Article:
Water is scarce, costly, and contaminated in Kibera. Although many residents of Kibera lack access to clean drinking water, they don’t lack access to mobile phones. M-maji (“mobile-water” in Swahili) is a “mobile-for-development” project that aims to use widely accessible mobile phones to empower under-served communities with better information about water quality, availability, and price. Water vendors use the M-Maji USSD (Unstructured Supplementary Service Data) shortcode to advertise their location, price, and purification method. These advertisements are collected and stored in a central database and are set to expire at midnight. Water buyersthenm dial the M-Majishortcode to obtain location-relevant listing of vendors with water, location, price, quality, and vendor ratings. Buyers can also access this information by sending an SMSwith the name of the village where they are looking for water, at which point they subsequently receive back an SMS listing all available water vendors in that village or—if water is not available in the selected village—the closest village with water. If a water buyer subsequently discovers that a vendor misreported water availability, price, or quality, the buyer can file a complaint with M-Majivia USSD. The database will keep track of complaints and alert future buyers of such negative histories through the use of vendor ratings.Vendors that advertise “purified” water are monitored by M-Maji staff, who will conduct random water quality tests once a month to confirm the absence of fecal pathogens in the vendors’ water supply. Water sources that test positive for fecal contamination are removed as “purified” sources in the M-Maji listings, and an SMS alert system informs nearby users of water contamination.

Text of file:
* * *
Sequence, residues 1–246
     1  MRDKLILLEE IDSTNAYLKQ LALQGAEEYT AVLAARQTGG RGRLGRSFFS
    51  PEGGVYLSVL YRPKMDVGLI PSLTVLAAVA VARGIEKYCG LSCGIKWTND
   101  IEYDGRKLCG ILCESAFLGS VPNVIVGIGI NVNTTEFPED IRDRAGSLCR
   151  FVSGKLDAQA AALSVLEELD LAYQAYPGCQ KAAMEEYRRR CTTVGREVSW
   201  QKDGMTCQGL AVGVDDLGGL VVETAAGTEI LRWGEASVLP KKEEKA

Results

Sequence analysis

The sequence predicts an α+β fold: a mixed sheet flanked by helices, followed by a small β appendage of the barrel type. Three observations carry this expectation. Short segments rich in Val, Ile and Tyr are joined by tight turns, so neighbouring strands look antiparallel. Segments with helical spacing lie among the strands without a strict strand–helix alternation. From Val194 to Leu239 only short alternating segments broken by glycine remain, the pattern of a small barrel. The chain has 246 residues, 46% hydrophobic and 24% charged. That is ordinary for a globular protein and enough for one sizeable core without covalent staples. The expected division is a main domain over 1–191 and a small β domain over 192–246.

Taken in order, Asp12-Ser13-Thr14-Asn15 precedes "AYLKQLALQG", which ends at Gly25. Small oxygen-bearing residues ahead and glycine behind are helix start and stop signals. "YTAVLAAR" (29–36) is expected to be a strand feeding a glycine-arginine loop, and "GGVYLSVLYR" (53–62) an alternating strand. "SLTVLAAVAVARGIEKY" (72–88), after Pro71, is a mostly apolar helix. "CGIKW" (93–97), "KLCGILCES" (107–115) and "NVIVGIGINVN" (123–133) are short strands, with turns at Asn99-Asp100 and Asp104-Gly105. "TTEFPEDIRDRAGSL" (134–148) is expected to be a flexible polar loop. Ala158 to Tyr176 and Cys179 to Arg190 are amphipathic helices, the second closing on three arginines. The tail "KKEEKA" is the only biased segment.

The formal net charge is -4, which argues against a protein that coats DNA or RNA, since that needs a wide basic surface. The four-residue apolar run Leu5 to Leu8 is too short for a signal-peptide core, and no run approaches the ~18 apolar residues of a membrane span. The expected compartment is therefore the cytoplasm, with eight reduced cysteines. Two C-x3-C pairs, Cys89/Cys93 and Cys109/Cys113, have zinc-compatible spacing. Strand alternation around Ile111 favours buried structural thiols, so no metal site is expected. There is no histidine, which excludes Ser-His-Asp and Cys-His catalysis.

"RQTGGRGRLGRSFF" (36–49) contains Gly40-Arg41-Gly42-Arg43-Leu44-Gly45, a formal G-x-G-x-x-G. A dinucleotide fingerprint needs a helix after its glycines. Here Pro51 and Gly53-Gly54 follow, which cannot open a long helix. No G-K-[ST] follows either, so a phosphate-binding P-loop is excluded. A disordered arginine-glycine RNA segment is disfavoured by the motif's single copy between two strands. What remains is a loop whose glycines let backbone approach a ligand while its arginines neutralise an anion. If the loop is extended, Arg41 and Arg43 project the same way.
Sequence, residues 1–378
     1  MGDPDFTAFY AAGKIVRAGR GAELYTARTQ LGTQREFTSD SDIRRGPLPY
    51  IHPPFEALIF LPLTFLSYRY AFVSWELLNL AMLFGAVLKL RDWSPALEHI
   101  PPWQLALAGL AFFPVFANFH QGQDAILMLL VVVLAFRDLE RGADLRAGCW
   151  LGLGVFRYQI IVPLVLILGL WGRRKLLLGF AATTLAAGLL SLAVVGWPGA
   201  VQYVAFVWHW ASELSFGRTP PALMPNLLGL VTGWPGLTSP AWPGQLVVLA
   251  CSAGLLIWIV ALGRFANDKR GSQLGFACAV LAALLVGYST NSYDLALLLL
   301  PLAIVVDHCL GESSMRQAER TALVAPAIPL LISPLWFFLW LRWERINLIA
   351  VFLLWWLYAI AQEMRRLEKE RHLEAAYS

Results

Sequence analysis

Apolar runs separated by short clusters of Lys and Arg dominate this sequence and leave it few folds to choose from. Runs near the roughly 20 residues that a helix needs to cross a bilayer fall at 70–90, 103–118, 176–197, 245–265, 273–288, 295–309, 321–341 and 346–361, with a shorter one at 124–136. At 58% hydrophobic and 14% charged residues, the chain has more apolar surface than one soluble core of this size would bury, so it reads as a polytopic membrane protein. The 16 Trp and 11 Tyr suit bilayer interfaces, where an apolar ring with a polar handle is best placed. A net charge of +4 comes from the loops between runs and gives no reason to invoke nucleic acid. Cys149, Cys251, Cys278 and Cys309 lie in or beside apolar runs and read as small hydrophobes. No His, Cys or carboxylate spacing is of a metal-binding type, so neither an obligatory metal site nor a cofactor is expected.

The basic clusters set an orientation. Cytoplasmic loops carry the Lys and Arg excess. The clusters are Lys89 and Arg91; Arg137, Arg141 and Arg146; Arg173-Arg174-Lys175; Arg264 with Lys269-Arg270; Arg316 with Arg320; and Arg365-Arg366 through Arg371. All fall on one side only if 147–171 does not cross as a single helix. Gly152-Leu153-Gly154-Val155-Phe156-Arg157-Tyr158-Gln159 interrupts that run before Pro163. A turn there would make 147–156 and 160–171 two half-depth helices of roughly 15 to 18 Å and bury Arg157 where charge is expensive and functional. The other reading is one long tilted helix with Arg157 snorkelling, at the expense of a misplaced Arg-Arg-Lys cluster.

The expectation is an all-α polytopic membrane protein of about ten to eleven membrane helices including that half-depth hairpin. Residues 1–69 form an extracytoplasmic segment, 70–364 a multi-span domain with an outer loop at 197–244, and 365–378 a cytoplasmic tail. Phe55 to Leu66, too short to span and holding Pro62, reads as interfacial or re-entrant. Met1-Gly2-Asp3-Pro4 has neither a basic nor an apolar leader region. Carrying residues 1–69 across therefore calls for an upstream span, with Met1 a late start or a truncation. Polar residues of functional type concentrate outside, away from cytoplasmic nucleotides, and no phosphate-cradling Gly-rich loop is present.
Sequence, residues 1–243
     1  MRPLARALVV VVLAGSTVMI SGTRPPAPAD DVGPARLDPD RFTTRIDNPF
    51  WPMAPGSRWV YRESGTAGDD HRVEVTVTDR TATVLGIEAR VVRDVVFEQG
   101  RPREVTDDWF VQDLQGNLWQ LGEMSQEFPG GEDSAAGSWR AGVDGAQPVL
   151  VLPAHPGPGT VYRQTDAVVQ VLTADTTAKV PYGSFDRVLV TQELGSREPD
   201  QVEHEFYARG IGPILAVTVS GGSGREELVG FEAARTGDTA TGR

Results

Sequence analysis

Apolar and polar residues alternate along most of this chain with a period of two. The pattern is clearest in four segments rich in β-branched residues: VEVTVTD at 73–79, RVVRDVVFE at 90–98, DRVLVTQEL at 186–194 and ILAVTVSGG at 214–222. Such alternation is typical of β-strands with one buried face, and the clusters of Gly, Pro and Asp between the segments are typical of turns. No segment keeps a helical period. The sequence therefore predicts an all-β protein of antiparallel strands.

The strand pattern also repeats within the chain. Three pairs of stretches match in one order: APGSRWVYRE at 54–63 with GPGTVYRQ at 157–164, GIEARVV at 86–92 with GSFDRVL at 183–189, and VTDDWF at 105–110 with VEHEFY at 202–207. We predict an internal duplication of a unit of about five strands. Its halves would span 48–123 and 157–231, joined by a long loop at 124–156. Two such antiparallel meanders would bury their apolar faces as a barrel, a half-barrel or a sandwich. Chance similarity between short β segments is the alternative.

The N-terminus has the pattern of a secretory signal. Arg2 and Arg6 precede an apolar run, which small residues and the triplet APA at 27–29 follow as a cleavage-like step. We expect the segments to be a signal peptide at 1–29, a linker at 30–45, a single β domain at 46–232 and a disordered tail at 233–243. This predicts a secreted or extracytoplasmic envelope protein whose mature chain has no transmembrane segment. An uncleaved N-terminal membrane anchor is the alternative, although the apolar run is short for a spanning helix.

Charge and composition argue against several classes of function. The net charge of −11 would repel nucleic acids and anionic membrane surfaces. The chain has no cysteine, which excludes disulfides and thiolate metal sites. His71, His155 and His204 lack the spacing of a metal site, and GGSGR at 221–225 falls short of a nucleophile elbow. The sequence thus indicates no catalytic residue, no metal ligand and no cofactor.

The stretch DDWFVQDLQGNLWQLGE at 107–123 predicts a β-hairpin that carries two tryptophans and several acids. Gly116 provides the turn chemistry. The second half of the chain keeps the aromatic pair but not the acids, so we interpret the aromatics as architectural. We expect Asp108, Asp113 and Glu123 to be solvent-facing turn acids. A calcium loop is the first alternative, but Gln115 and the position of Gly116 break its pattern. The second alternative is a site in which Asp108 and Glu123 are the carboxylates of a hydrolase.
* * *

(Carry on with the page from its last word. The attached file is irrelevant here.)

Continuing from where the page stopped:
For more information on the rationale behind M-Maji, the innovative technology, and the water problem in Kibera, visithttp://mmaji.wordpress.com/